This is where standardization can help. By agreeing on and implementing a common set of tools and processes, teams become more efficient, as they reduce the need for new development methods, customized training, and maintenance.

Standardization has several benefits:

  • Reliability, predictability, and safety. Think about the electricity in your own home and the history of electrical systems. In the early days of electrification, companies competed to establish individual standards for basic elements like plug configurations and safety requirements like insulation. Thanks to standardization, when you buy a light bulb today you can be sure that it will fit and not start a fire.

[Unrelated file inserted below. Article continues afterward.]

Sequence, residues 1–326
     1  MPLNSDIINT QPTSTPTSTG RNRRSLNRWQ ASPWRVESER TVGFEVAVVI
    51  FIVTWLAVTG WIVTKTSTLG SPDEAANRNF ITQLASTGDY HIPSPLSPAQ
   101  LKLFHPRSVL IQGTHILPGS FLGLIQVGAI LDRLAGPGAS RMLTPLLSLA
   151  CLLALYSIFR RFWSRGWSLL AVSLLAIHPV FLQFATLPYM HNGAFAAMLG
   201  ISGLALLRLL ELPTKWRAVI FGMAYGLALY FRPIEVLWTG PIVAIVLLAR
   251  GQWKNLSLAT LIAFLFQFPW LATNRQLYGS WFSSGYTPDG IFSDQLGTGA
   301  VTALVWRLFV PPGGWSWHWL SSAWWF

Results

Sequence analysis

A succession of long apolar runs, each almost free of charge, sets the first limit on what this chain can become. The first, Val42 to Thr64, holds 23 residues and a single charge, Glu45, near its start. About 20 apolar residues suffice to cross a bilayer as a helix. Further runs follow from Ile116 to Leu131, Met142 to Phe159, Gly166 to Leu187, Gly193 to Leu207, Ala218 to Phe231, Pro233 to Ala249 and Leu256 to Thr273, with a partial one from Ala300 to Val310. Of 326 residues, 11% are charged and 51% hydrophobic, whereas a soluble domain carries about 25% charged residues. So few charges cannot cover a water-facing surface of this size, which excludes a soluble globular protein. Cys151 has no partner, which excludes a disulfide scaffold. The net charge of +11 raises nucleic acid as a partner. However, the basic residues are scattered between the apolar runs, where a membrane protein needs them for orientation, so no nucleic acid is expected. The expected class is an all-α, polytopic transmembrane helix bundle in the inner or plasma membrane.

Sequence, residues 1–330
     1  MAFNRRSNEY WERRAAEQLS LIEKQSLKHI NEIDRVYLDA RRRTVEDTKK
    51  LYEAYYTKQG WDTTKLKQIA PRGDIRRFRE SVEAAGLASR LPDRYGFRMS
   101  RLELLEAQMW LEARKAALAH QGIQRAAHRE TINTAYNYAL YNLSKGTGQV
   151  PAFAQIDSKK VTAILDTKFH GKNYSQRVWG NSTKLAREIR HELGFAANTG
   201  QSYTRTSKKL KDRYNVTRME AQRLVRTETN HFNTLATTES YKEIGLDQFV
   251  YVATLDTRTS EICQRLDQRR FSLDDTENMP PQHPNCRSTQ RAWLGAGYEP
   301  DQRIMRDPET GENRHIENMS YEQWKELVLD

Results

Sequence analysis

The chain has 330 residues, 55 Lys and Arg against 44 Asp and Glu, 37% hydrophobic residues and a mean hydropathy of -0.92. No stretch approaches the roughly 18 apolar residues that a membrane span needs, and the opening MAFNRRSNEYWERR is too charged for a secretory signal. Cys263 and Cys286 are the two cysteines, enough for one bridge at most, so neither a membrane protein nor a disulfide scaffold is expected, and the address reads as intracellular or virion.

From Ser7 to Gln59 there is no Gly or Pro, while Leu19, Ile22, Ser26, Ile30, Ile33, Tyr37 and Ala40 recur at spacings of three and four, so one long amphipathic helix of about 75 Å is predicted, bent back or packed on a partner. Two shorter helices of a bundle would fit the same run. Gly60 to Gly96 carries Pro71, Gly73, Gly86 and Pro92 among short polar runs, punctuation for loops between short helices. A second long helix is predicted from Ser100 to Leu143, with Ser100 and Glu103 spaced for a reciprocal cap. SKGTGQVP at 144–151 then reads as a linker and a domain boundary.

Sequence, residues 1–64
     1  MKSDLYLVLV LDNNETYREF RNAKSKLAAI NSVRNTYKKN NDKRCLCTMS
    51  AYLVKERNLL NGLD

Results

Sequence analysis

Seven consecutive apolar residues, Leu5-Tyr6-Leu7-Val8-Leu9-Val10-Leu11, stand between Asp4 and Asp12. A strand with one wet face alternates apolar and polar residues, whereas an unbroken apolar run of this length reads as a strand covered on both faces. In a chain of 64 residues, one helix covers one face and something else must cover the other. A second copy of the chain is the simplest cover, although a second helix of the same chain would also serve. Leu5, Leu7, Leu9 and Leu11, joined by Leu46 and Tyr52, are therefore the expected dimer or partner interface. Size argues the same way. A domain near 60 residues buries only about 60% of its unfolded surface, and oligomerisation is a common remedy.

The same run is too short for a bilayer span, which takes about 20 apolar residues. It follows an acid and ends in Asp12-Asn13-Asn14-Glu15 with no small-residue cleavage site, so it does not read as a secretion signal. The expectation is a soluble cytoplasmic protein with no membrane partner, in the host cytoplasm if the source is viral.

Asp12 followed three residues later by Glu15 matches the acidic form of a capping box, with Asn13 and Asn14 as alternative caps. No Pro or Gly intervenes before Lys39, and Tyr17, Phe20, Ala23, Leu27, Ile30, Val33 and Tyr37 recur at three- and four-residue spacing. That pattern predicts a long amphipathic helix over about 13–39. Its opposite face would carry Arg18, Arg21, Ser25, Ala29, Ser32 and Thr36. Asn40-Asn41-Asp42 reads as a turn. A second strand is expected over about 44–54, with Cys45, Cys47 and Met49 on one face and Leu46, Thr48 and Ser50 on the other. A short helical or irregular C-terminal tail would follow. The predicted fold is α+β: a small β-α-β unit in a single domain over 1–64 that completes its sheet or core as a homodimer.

• Lower costs and more dependable, repeatable processes. Standarsization frees people in organizations to focus more attention on other things—products, for instance—and not on the need to coordinate the use of potentially conflicting new tools and processes. And it can make people's skills more portable (or, in budgeting terms more "fungible") across projects, since all projects share a common set of standards. In addition to helping project teams be more flexible, this portability of skills makes it easier for people to adopt new assignments.
  • Consistent measurements. Creating a set of consistent metrics people can use to assess product quality across multiple products or multiple releases of individual products is possible through standardization. Without it, applying this kind of consistent measurement to product quality and maintaining any kind of history of tracking such quality can be difficult. Standardization effectively provides the organization a common language for measuring quality.